Herman and Peterson’s contribution is useful in terms of illustrating Barratt Brown’s key points, rather than being a sophisticated analysis of the political situation. Putting Simons’ reporting to a vigorous test, they show that bias was there in every aspect. From the number of witnesses quoted on each "side", to the tone of the reporting, to the use of quotation marks, each article was designed in such a way as to demonise the Serbian side and justify US intervention. The US is presented as being on the side of "international justice", despite its refusal to back the ICC or the UN. Crucially, "when the issue of NATO culpability in the deliberate bombing of civilian facilities came up during and after the 78-day bombing, Simons and her paper evaded the issue and provided only NATO tribunal apologetics" (p.37).

(Indeed, the authors go as far as to compare the "trial" of Milosevic to the judicial frame-up of Trotsky in the Soviet Union in the 1930s, stressing its political, public relations and pre-arranged aspects. Whether this is a valid comparison, I shall leave to other readers to decide.)

The most worrying thing about this of course is not that US imperialism and its allies would lie, or that the bourgeois media would propagandise on behalf of their projects – socialists should expect nothing less! Rather it is that much of the "Left" has swallowed the propaganda and bought into the agenda of imperialist intervention in the region. The Alliance for Workers’ Liberty, who actively promoted and joined pro-NATO demonstrations, were the most grotesque element in this regard, but many others were effected.

With the war on Iraq clearly exposing the nature of US and UK imperialism to new layers of people, those on the Left who adapted to imperialism in terms of their analyses of Yugoslavia should revisit their position or they will fail to meet the continuing challenges posed by the US war drive.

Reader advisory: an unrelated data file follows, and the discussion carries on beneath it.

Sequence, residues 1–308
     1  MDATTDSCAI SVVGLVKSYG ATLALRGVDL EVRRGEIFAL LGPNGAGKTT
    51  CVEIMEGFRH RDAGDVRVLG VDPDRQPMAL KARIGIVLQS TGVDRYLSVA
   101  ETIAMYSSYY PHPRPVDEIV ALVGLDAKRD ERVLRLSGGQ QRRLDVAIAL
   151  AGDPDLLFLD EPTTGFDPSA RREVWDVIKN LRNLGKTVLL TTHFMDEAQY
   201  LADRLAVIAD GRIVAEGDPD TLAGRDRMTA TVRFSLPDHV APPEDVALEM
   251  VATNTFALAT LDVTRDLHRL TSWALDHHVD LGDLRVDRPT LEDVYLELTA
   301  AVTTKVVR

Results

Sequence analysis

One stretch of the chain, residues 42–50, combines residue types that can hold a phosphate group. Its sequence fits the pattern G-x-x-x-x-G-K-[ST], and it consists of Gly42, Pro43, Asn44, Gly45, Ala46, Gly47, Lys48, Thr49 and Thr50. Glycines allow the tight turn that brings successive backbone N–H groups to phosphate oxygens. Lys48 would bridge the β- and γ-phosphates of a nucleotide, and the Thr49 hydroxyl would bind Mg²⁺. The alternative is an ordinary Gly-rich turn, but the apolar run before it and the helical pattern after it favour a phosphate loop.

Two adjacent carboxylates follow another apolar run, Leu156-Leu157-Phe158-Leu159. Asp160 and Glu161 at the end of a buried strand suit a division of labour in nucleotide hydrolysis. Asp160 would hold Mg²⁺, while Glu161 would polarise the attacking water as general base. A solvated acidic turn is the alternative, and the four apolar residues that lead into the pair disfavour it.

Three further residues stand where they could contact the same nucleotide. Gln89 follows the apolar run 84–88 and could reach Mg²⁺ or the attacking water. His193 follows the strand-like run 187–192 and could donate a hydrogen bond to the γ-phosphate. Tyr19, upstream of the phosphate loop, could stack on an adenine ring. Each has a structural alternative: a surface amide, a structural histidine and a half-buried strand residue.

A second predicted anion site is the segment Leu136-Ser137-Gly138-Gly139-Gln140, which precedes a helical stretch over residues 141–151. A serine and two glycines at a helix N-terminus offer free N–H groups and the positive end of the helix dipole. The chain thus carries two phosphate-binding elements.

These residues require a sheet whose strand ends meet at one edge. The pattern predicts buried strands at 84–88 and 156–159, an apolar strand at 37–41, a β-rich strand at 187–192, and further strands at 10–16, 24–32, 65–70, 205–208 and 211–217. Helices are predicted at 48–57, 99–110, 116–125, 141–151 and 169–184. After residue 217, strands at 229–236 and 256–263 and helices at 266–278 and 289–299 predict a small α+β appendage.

Freeing the World

William Blum, Freeing the World to Death: Essays on the American Empire, Common Courage Press, 2005. Paperback, 314 pp, $18.95.

Reviewed by Will Podmore

THIS IS a brilliant collection of essays, extraordinarily acute, containing some fascinating information. Blum is the author of two of the very best books on US foreign policy – Rogue State: A Guide to the World’s Only Superpower (Common Courage, 3rd edition, October 2005) and Killing Hope: US Military and Civil Interventions Since World War II (Zed Press, 2003).

This book includes a selection from his Anti-Empire Reports, available at www.killinghope.org; studies of some US interventions; an overview of the Cold War, showing how Cold Warriors have consistently used Goebbels’ biggest and most-repeated lie about communist aggression and violence; and studies of the unemployment and poverty inflicted on American workers, exposing the myth, peddled by Gordon Brown among others, of the USA’s booming economy.

Blum exposes the US state’s current political violence against Cuba, Venezuela, Palestine, Iraq and Afghanistan. Charles Clarke should perhaps readdress to George Bush and wormtongue Blair his remarks about how political violence is so unnecessary nowadays.

Contrary to Blair, the war on Iraq has not made us safer. Blum cites the US State Department as witness: "Tensions remaining from the recent events in Iraq may increase the potential threat to US citizens and interests abroad, including by terrorist groups." (Voice of America News, 21 April 2003.)

Blum quotes a leading member of Al Qa’ida who threatened that they will bomb people in Britain "until the people of the country themselves recognise that this is going to go on until they get the leadership changed". Oh, no, sorry, that was Britain’s Admiral Sir Michael Boyce threatening to keep bombing people in Afghanistan.